Blu-ray has finally gained widespread mainstream acceptance as the HD disc format of choice, and we've recently seen players hit the sub-AU$100 mark, such as the rather stupendous value Soniq QPB302B. This sort of machine is a great entry-level buy, but what if you want your BD player to do a bit more than simply play Blu-ray discs? Then you'll need something like this: the Panasonic DMR-BW880 Blu-ray recorder/PVR, which will, with patience, provide all manner of HD video and audio convergence.
Sharing the current Panasonic "look" for its DVD/BD hardware, the BW880 sports a metallic-lined front fascia with both disc draw, on-board controls and more hidden behind a couple of drop-down flaps. A flip reveals such hidden assets as a DV-in, SD card slot, USB input, composite video and stereo audio inputs, plus the basic functions of play, stop, record and channel selection. Everything else is on the remote, which is (understandably) quite a button-busy handset. Physically, the BW880 shares the same size footprint as your average slimline BD player.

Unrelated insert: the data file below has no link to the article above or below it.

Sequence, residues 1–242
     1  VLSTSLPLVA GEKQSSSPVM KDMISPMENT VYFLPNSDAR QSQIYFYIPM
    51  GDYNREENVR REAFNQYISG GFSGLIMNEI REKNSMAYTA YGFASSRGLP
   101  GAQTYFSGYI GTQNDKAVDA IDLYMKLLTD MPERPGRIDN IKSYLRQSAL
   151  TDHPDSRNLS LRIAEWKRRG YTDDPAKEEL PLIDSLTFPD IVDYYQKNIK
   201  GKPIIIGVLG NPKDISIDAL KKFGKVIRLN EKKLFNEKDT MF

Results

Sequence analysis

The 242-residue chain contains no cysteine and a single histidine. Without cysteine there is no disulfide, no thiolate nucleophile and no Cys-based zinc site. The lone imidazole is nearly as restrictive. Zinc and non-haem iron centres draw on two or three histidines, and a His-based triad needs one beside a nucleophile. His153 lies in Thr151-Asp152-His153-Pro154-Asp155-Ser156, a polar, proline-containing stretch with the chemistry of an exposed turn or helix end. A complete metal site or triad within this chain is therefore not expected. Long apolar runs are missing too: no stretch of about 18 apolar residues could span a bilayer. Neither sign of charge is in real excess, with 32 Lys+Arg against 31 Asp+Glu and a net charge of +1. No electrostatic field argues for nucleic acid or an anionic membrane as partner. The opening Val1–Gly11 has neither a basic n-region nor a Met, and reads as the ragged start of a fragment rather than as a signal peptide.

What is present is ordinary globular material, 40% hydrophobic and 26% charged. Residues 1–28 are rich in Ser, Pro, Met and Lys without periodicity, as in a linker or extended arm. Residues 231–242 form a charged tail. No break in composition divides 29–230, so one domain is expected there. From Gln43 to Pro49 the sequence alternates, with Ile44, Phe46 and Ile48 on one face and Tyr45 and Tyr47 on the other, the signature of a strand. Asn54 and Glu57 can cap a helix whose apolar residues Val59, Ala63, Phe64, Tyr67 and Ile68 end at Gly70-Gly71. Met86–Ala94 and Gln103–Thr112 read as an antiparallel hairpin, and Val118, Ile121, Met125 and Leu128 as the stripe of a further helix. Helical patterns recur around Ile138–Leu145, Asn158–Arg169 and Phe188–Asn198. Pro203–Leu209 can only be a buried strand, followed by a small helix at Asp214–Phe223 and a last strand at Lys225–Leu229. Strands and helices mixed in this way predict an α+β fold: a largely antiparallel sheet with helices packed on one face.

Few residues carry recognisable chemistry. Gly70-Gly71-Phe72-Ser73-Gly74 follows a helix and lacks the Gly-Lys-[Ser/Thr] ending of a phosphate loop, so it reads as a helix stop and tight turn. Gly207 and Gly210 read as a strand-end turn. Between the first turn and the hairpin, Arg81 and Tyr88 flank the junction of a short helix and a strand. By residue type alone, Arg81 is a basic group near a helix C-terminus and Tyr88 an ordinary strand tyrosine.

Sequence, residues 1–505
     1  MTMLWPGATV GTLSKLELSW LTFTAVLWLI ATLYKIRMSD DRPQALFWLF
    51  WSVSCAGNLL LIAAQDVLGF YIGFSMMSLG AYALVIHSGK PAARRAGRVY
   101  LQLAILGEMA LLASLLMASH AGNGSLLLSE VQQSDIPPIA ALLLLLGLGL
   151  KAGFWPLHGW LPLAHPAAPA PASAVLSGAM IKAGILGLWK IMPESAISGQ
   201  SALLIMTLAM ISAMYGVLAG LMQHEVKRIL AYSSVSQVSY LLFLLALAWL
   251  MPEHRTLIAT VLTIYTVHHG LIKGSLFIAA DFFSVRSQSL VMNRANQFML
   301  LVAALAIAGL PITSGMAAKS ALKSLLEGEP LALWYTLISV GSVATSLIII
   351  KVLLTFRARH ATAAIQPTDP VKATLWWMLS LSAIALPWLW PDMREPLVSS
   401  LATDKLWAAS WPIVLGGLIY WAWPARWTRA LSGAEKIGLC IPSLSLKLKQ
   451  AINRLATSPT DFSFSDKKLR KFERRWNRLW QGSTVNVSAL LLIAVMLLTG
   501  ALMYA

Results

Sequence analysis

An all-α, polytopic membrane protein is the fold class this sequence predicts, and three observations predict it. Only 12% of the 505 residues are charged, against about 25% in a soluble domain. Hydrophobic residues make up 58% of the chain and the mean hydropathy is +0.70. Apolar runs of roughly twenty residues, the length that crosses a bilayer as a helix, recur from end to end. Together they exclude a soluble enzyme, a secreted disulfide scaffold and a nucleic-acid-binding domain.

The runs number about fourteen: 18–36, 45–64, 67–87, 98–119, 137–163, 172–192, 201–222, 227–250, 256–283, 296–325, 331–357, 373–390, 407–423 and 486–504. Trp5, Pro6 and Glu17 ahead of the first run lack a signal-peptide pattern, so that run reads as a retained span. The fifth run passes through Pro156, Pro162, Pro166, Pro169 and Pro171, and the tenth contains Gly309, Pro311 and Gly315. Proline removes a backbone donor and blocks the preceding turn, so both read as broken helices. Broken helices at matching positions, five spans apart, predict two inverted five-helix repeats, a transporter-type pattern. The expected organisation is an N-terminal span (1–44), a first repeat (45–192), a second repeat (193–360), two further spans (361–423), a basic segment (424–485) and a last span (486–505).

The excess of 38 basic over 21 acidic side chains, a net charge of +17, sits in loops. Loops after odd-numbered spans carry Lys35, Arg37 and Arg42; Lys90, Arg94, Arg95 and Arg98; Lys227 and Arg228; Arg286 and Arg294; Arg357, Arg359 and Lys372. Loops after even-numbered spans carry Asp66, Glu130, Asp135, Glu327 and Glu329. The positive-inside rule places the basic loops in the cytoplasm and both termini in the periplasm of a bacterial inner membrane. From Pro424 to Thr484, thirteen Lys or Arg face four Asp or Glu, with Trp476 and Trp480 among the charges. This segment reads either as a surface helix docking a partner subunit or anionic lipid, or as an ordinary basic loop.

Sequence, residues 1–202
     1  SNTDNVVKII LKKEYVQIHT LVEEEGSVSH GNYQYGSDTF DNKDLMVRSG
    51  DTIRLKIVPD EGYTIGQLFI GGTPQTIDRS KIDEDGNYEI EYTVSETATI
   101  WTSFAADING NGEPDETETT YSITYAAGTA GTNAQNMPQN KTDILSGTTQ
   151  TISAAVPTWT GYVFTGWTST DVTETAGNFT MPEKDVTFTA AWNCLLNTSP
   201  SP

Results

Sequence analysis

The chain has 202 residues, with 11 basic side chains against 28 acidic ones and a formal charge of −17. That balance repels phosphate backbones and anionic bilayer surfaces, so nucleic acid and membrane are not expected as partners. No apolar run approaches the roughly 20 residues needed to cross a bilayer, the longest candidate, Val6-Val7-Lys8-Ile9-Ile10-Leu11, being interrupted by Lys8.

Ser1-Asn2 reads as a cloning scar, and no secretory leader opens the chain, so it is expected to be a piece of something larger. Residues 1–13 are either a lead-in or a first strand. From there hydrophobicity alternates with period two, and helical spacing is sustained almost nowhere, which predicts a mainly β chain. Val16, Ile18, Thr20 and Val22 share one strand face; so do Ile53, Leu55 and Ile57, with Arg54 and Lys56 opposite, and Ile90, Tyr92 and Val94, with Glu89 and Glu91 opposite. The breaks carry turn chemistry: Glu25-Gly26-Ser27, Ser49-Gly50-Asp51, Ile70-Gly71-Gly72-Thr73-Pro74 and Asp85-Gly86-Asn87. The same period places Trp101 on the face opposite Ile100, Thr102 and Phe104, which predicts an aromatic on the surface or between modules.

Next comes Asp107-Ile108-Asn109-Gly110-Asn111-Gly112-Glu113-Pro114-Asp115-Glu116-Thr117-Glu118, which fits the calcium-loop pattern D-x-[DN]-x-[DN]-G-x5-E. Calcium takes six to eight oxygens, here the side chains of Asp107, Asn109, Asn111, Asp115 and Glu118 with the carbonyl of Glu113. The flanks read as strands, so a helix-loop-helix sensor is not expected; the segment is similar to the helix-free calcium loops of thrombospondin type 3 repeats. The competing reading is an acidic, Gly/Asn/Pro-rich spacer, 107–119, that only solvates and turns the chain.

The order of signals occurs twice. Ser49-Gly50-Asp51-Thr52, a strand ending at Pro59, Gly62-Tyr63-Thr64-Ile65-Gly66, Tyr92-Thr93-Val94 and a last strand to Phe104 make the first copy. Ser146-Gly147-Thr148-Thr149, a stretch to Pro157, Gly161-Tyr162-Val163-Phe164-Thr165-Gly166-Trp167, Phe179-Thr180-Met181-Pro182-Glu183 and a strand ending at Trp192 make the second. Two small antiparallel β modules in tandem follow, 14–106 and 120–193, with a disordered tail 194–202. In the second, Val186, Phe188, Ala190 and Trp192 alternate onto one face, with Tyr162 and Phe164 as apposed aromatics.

Replacing the DMR-BW850, the BW880 adds a couple of noteworthy extra features and a price drop, but at AU$1199 it's still a relatively expensive machine compared to some hardware alternatives. Internal HDD memory has remained the same as the previous model at 500GB hard drive (Japanese buyers of the local BW880 do twice as well with a 1TB minimum HDD ... why is that?) and the twin, high-definition tuners are the same as before. Feature-wise, this model adds DLNA media sharing over a home network compared to its predecessor. The twin tuners mean you can simultaneously record/watch digital TV broadcasts and the 500GB capacity equates to around 350 hours of HD quality recording or 885 hours of standard definition.